Bianco v. North Fork Bancorp.


New York Law Journal

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Justice Doris Ling-Cohan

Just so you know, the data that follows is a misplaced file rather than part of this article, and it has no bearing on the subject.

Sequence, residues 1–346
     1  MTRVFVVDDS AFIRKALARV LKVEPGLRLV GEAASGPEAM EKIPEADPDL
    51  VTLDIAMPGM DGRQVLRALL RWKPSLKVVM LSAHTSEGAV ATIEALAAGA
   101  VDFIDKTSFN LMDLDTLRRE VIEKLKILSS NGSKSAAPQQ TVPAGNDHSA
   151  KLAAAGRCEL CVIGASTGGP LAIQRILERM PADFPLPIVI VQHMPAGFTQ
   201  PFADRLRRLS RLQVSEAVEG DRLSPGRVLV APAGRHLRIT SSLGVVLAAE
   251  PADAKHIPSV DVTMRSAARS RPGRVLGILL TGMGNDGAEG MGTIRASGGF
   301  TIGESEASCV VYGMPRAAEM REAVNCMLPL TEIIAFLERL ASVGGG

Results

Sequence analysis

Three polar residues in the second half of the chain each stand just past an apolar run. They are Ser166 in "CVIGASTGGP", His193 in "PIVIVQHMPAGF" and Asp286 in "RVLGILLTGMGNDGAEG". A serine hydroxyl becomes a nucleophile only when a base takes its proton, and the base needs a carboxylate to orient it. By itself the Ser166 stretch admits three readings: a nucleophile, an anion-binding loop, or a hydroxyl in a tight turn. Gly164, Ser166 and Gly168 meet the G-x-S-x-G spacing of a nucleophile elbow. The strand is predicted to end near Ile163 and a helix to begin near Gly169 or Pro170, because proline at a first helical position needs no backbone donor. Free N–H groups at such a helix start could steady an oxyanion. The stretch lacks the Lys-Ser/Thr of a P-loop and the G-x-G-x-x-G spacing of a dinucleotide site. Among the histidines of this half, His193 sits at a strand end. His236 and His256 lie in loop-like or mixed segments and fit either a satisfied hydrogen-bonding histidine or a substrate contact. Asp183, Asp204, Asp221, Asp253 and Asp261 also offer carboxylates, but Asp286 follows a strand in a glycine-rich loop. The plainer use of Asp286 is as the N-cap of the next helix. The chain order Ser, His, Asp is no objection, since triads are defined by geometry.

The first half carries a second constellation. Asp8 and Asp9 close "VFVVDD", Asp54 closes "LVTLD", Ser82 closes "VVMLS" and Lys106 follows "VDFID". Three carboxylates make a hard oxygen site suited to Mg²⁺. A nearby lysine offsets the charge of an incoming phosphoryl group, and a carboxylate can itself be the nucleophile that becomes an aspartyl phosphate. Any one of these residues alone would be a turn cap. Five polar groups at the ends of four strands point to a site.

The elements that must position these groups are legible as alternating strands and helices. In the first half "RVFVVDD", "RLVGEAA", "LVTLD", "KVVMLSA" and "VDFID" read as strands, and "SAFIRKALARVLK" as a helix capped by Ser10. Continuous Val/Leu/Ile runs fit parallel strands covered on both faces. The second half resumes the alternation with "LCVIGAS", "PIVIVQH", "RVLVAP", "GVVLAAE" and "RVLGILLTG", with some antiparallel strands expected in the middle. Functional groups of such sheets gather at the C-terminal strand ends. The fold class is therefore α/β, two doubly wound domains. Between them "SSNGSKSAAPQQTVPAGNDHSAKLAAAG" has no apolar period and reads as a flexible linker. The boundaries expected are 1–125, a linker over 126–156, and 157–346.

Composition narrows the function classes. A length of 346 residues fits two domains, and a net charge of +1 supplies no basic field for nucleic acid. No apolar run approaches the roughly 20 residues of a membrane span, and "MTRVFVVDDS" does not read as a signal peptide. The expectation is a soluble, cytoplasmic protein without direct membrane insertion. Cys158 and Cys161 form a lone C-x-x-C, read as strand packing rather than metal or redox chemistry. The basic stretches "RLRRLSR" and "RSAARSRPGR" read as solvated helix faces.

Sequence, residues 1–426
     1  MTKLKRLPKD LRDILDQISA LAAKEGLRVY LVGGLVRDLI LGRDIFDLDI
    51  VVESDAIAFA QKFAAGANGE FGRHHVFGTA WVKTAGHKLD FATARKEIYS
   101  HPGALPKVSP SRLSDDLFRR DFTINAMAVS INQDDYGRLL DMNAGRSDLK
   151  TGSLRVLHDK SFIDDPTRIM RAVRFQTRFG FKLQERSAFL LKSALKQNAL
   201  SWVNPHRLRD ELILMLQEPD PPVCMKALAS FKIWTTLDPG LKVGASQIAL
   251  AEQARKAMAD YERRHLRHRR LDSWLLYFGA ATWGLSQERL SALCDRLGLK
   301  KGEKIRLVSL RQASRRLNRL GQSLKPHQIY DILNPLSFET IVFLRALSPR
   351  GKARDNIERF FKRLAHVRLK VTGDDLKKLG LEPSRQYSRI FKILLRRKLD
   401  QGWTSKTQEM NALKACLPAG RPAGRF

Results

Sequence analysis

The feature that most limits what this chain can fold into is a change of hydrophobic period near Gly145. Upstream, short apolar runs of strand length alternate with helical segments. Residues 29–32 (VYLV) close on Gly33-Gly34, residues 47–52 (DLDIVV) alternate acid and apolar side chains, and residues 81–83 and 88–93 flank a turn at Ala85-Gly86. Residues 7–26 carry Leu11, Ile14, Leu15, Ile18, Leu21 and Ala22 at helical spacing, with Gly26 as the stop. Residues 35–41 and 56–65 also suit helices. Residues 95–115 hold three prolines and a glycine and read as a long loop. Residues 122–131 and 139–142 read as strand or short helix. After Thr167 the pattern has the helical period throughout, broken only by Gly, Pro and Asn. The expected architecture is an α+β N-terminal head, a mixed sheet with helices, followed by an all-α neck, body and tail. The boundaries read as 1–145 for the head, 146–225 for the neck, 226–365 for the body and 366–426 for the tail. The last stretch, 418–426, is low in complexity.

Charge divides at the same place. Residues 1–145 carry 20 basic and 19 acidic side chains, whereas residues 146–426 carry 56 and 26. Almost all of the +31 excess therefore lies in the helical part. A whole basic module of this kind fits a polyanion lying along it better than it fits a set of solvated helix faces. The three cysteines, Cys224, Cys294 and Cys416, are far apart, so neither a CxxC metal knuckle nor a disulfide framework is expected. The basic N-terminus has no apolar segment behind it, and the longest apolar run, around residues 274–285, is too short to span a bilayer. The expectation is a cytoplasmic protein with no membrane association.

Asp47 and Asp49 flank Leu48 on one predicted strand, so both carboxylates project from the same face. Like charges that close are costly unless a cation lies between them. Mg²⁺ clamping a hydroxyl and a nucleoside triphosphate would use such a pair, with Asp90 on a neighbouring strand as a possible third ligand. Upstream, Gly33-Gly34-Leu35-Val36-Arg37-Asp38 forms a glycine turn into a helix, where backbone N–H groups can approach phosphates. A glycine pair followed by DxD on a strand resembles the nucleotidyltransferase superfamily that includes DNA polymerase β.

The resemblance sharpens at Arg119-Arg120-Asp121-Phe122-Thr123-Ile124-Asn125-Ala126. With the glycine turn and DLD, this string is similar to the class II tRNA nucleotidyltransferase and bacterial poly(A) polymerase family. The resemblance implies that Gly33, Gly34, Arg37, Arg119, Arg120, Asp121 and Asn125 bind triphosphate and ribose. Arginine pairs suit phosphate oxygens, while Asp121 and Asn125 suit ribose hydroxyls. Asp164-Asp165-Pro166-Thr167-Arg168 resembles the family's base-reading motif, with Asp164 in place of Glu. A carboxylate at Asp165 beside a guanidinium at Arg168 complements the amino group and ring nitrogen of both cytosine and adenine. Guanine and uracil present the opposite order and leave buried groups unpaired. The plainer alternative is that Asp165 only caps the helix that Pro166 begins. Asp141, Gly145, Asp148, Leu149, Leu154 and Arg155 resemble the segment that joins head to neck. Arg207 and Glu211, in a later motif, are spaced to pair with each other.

Bianco sought to recover damages for injuries he allegedly sustained in the course of his employment as an electrical apprentice. Defendants sought to compel Bianco to supply discovery, including access to his Facebook account for an in camera inspection. They argued the information from Facebook was relevant in regard to Bianco's claims his injuries impacted his ability to enjoy his normal activities. The court noted that based on a liberal discovery standard, Bianco's deposition testimony and his claims as to the alleged impact of the subject accident on his lifestyle and alleged loss of enjoyment of life claims, defendants' motion seeking to compel production of Bianco's Facebook content was granted to the extent he was to produce the content for in camera review to a special referee. Upon submission and review, the referee would made a determination if the provided information was subject to disclosure and identify the specific discoverable information in accordance with Patterson v. Turner Construction. The court further granted defendants' motion to access the names and addresses of Bianco's parents and sister at their respective places of residence.

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